A state panel tasked with reviewing cases of police killings and in-custody deaths indicated Tuesday it would significantly increase the number of cases it considers in the coming year.

The Police Files Badge

The Hawaii Law Enforcement Officer Independent Review Board has not met in more than a year and has released only one report since it was created by the Legislature in 2017.

On Tuesday, during the board’s first meeting since January 2020, the board announced that it plans to meet at least once a month and will review up to three cases at each meeting.

“We have a job to do, plain and simple,” Gary Yabuta, the new board chair, said. “It’s quite a task, but looking at the talent here and the dedication … we are definitely on the right track.”

Yabuta did not specify what cases it would be taking up first, how many cases have been referred to the board or which ones they were.

The police shootings board plans to meet monthly going forward. Pictured, top row, left to right: Daniel Jacob, deputy attorney general; Renee Sonobe-Hong, administrator of the criminal justice division; and board member Barbara Richardson. Middle row: members Bettina Ackermann, Lance Goto, Landon Murata. Bottom row: members John Tam, Chair Gary Yabuta, Katy Chen. Screenshot

Civil Beat was able to identify at least a dozen cases that have already been sent to the board, although there have been at least 26 police killings or in-custody deaths since the board was formed in 2017.

The board can only review materials sent to it by law enforcement agencies, like the county police departments. It is not allowed to conduct its own, independent investigation into cases.

The review board can recommend to county prosecutors whether charges should be brought against officers. It can also find that the shooting was justified and that charges should not be pursued, or can ask that prosecutors conduct further investigation into a case.

In February 2020 the board found that the shooting of Justin Waiki by Big Island police was justified. The report included details of the police action including how officers responded when Waiki began firing at them from where he was hidden under a blanket in the bed of a truck they had pulled over.

The board also wants Hawaii’s law enforcement agencies to send cases whether the board asks for them or not. Police departments and state agencies are required by law to send the board cases once an internal criminal investigation has been completed.

However, the Honolulu Police Department says it has only sent cases upon request, and has not sent three cases of officer involved deaths in 2019.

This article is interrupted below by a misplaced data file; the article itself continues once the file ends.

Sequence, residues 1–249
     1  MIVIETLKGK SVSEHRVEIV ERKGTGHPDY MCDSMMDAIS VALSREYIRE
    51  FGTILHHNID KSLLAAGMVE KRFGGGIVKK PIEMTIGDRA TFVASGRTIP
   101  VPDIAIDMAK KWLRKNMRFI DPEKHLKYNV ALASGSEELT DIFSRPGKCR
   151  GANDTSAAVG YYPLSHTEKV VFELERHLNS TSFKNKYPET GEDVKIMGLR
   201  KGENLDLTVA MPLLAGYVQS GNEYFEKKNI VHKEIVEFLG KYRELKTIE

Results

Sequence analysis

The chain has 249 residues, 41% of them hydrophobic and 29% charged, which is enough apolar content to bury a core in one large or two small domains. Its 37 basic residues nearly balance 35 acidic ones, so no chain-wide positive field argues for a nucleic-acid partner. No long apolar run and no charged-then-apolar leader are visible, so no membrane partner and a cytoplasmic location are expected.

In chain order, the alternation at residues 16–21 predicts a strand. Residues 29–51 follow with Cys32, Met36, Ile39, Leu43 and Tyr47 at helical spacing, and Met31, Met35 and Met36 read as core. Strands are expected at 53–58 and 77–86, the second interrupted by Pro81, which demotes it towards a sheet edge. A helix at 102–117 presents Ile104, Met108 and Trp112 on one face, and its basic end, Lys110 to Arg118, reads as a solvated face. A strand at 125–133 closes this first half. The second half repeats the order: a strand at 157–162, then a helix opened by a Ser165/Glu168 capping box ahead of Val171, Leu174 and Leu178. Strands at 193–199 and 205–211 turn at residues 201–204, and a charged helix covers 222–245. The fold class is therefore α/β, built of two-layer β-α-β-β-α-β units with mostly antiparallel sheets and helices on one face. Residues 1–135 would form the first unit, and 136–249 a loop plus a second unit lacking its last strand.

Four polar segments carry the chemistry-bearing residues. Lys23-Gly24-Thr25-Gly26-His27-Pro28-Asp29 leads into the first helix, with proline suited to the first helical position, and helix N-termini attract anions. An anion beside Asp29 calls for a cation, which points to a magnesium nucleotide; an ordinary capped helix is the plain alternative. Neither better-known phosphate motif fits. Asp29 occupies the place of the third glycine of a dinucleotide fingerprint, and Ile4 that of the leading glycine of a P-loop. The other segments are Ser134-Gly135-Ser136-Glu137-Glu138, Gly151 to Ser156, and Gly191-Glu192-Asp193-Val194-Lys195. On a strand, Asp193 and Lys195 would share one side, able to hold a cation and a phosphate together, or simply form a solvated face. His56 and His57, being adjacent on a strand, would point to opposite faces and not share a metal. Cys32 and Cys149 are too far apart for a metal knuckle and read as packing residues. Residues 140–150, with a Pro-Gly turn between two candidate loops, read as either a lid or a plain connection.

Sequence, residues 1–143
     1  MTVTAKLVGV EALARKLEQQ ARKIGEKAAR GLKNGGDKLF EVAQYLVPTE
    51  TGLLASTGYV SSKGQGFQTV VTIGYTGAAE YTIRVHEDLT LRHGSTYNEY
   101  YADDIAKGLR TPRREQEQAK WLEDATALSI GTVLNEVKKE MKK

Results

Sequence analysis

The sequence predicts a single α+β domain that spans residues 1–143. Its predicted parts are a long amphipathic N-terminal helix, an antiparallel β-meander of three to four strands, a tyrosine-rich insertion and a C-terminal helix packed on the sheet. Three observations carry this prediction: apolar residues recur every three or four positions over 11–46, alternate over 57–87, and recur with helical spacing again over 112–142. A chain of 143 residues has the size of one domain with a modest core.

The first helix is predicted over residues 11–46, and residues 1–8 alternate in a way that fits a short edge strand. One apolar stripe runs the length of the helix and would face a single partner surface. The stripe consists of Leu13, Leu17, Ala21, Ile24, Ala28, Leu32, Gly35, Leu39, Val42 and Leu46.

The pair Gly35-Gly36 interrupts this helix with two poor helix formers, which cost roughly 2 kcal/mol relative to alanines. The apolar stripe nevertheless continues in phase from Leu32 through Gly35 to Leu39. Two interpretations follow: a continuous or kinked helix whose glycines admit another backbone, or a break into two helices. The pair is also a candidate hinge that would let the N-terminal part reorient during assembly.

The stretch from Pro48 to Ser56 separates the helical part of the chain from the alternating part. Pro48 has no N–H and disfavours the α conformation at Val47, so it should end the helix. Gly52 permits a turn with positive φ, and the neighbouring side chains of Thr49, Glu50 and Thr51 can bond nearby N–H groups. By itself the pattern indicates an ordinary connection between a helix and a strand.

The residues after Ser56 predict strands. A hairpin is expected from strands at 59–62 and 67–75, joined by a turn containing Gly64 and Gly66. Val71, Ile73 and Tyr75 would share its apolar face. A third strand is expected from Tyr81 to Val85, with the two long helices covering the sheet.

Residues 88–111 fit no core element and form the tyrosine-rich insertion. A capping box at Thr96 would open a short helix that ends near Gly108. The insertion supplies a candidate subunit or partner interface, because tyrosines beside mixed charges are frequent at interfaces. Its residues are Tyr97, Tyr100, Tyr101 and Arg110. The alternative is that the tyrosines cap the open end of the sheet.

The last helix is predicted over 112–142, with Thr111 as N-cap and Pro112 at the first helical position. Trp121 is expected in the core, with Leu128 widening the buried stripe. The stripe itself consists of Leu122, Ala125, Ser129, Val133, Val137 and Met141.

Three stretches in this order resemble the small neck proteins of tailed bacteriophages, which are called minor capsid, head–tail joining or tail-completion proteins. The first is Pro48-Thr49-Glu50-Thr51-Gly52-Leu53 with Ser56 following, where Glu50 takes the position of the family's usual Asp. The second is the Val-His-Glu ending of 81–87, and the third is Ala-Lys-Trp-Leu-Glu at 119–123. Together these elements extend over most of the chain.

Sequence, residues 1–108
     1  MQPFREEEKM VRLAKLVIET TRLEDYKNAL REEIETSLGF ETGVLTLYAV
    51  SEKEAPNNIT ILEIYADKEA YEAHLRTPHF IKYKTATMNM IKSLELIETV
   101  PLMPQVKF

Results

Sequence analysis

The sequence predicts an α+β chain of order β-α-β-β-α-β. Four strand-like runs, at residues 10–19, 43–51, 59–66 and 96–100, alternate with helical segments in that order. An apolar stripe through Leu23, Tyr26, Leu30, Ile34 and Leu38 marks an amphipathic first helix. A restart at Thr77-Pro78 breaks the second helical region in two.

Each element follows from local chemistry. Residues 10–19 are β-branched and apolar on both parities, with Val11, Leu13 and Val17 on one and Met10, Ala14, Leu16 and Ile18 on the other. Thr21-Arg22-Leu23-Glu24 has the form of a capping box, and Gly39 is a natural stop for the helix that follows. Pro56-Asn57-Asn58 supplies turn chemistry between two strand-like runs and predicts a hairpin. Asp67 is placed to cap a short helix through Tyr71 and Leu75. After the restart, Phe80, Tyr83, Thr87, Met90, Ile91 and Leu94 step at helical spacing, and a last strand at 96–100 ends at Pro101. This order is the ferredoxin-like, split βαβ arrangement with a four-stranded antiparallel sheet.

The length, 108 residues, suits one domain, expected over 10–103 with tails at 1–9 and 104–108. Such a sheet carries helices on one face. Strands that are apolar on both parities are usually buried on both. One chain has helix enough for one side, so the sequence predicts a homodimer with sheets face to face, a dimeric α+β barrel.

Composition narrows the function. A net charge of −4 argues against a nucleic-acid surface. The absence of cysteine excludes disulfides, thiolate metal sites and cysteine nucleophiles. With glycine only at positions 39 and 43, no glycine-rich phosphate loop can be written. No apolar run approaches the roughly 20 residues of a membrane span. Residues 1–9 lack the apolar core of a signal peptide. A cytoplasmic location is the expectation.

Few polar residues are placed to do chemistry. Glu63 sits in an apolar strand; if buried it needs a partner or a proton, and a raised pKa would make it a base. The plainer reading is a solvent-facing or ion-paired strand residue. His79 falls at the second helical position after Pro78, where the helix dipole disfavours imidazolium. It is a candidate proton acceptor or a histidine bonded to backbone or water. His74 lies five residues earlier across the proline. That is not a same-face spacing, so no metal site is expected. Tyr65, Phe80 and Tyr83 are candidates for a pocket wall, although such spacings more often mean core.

At the meeting Tuesday, Lance Goto, a deputy attorney general and board member, said that in the past, the board has sent reminders to the agencies to send cases when the board became aware of a fatal shooting or in-custody death.

Goto recommended that the board remind the agencies that they are required to send over cases, even if the board doesn’t ask for them.

“The board itself may not be fully aware of all instances being investigated,” Goto said.

Yabuta, the board chair, agreed.

“That’s something that we need to do, because I don’t know what’s out there and I know a lot of the board members that have been there from the start don’t know either other than what’s been reported in the media,” Yabuta said. “We have to make sure we have any and all cases involving deadly force with law enforcement.”

The board also debated changes to guidelines on how it reviews officer-involved shootings. The board first began drafting those guidelines in 2019.

At Tuesday’s meeting, the members asked Goto to clean up language regarding the recommendations the board can make to county prosecutors and clarify that they review cases involving police officers.

They also decided to axe a requirement that all board members physically sign the recommendations on cases. Instead, the new guidelines would only require the chairman to sign off on the board’s final reviews. However, a majority of the board would still need to vote in favor of any recommendation the board wants to make.

There are three new members joining the board including John Tam, a former Maui deputy prosecutor; Landon Murata, a deputy attorney general; and Bettina Ackermann, a Maui medical doctor.

The former board chair, Iwalani White, left her position last year, as did Kevin Takata, a former deputy attorney general, who also retired.

The AG’s office is still seeking applicants to fill positions reserved for former prosecutors from Hawaii and Kauai counties, Renee Sonobe-Hong, administrator of the Criminal Justice Division, told the board.

The board is set to sunset next year unless it is renewed by the Legislature.

Not a subscription

Civil Beat is a small nonprofit newsroom, and we’re committed to a paywall-free website and subscription-free content because we believe in journalism as a public service.
 
That’s why donations from readers like you are essential to our continued existence.
 
Help keep our journalism free for all readers by becoming a monthly member of Civil Beat today.

About the Author